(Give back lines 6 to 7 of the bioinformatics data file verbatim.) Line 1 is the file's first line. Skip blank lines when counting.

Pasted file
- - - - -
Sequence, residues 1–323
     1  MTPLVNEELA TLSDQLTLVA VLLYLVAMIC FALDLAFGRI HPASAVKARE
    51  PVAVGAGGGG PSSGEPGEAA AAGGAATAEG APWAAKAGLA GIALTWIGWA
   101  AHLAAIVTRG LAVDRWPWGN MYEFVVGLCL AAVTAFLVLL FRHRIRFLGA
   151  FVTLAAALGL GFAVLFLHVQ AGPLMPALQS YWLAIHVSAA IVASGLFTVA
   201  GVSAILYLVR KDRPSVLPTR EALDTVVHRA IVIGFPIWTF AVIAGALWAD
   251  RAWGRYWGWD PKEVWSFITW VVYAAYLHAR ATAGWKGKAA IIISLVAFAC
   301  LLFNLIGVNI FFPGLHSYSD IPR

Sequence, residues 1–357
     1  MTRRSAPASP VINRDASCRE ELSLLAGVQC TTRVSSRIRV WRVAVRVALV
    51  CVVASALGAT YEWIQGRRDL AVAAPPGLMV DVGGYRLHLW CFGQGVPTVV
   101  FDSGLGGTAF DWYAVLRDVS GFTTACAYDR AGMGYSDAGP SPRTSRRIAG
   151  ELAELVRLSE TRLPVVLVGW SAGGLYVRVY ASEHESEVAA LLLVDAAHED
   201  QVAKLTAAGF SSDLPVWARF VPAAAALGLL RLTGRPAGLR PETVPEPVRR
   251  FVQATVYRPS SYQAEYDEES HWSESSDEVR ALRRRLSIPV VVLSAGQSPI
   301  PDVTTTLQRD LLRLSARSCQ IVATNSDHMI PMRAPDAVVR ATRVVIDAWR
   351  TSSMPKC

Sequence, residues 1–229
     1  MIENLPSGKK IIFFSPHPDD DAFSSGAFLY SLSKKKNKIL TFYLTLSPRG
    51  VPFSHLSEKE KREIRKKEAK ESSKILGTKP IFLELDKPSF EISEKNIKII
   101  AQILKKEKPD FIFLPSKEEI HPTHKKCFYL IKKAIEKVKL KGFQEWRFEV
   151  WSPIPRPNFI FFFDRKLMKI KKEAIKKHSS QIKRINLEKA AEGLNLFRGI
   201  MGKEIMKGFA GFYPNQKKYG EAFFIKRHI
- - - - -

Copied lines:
   201  GVSAILYLVR KDRPSVLPTR EALDTVVHRA IVIGFPIWTF AVIAGALWAD
   251  RAWGRYWGWD PKEVWSFITW VVYAAYLHAR ATAGWKGKAA IIISLVAFAC